Still, though I want them to be healthy and in school, I’ve also come to see the bright side of these occasional days of illness at home.

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The Larger Arc of Captive Reading—and Our Lives As Human Beings

For nearly a decade, I’ve pursued a strategy I call “captive reading” and this tactic has made a tremendous contribution to my children’s language and literacy development. At this point, as my children are getting a bit older (they’re now 12 and 9) and their ability in the minority language has reached a fairly advanced level, I’ve now taken what is probably the final step in my captive reading efforts, one I’ll try to sustain through the rest of their childhood.

But before I share that final step, let’s look back at the larger arc of this strategy since my daughter was 3. Obviously, from age 3 to age 12 there has been great growth in her language development and, in line with this growth, I’ve used a progression of captive reading forms and materials over the years.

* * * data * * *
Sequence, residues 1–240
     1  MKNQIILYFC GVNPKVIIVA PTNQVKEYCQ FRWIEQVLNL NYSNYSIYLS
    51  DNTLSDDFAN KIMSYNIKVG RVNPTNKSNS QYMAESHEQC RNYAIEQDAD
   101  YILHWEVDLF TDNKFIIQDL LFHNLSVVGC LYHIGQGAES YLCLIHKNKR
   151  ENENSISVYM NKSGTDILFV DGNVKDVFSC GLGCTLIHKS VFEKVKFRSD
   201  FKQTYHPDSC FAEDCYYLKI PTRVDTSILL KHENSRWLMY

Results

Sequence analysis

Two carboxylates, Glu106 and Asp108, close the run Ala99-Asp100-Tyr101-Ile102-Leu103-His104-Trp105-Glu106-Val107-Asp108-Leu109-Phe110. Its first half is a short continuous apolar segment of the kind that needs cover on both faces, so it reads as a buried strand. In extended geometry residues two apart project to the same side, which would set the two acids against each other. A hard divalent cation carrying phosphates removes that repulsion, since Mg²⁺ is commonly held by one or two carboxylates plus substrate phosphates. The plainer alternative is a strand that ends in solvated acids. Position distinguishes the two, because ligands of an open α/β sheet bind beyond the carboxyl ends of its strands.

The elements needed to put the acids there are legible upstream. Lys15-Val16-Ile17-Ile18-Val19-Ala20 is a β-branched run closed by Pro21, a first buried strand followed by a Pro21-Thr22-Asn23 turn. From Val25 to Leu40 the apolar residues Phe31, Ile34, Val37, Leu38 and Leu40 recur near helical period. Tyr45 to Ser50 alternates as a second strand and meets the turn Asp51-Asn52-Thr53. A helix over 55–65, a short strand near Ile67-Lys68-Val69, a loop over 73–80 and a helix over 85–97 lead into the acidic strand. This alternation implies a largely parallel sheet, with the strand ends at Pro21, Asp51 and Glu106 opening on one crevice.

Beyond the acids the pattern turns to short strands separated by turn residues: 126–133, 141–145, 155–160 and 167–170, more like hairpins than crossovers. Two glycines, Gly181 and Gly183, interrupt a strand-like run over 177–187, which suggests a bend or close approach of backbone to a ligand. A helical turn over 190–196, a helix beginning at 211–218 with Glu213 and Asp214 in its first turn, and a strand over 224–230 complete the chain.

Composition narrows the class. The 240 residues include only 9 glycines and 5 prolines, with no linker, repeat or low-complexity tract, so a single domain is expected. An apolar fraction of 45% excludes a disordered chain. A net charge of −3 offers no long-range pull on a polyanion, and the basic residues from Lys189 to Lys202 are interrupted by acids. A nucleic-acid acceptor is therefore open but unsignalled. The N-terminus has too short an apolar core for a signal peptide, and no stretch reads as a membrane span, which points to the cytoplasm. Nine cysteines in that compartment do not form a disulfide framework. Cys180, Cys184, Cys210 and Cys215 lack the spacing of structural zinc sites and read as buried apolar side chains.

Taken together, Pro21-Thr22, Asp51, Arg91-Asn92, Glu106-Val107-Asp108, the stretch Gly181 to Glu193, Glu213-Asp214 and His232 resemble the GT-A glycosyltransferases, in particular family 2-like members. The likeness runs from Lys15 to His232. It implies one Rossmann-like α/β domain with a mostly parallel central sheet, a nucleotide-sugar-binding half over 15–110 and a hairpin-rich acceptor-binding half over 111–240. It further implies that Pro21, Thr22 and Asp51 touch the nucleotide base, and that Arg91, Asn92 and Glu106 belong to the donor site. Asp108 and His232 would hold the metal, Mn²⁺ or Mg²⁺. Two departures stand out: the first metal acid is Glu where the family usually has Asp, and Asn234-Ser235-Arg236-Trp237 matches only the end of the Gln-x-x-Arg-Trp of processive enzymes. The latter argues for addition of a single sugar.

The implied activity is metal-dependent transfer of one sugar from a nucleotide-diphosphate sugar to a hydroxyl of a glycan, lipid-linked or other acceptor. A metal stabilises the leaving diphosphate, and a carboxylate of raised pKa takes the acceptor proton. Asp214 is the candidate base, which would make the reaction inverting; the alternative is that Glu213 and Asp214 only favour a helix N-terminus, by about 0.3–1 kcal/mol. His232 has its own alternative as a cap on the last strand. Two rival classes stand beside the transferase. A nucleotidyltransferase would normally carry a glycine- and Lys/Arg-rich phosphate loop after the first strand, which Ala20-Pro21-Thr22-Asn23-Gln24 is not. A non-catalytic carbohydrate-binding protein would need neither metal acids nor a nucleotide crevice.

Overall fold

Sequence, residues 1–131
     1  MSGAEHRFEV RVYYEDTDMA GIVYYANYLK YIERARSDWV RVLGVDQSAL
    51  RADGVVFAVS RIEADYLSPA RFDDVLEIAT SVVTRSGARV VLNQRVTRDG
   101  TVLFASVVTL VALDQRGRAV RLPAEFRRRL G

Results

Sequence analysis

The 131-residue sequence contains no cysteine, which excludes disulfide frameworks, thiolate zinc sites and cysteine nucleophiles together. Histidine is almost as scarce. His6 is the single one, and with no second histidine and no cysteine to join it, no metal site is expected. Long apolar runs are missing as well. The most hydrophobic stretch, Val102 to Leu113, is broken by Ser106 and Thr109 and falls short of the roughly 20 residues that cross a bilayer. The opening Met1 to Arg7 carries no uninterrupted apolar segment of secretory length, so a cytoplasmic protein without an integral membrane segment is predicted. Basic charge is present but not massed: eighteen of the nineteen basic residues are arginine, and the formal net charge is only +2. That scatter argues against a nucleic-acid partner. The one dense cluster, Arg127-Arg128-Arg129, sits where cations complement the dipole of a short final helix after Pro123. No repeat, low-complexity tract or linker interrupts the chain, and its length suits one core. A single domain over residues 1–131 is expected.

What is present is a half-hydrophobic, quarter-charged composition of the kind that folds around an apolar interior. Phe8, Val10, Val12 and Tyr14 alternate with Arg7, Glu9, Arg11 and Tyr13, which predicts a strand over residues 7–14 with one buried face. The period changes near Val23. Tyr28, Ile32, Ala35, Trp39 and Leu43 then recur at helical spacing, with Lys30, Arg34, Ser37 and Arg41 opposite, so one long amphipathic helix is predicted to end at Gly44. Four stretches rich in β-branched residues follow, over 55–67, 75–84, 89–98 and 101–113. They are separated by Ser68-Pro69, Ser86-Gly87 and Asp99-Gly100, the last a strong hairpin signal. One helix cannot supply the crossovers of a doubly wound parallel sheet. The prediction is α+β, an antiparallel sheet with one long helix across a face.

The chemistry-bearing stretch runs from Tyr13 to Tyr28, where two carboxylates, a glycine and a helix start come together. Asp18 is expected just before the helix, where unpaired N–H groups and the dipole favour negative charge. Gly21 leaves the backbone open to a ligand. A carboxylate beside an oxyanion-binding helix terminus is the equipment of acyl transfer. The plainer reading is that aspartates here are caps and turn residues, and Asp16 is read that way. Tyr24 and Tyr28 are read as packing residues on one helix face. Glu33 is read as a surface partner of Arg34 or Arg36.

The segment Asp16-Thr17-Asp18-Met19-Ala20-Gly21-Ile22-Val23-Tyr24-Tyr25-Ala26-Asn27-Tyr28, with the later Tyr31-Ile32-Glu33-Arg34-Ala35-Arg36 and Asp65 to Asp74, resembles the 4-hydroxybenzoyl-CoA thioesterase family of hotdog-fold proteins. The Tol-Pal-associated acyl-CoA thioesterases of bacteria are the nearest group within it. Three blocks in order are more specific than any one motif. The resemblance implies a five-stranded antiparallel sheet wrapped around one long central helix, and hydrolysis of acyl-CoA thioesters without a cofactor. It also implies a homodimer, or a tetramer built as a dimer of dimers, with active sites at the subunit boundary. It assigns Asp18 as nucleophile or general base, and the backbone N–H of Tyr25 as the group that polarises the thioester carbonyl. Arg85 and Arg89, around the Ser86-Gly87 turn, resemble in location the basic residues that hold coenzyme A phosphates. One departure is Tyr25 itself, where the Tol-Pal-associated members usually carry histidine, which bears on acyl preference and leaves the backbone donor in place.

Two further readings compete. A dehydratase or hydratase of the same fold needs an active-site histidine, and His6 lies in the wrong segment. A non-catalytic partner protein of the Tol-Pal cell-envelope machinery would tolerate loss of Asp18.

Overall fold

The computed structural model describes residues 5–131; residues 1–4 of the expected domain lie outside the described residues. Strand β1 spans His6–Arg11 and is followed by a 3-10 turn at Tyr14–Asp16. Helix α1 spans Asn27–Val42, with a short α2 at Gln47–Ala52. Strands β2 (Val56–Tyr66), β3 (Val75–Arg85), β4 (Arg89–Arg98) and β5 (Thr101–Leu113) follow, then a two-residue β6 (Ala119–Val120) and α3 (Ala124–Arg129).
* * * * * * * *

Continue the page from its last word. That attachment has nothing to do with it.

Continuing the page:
Below is the broad chronology of my efforts, based on the main blog posts that have described these ideas. For full details, please turn to the original posts.

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Last Wednesday was my birthday.

In hamster years, I’m now 1080.

In human time, though, I turned 54.

As the years continue to hurtle past, my birthdays, I admit, are starting to get me a bit down. When I look back, it feels like I’ve done quite a lot in my lifetime…but I also wonder how much of this activity has really been of significance.

I guess I was seeking some confirmation of my worth in the world when I set the homework for my kids that afternoon. Along with other tasks, I made an unfinished list for them to complete: “7 Things I Like About Daddy.”

Of course, my kids groaned when they saw it, but they couldn’t really refuse when I whined, “Come on, guys! It’s my birthday!” (That’s certainly one good thing about birthdays: They serve as your trump card for getting people to carry out your needy requests.)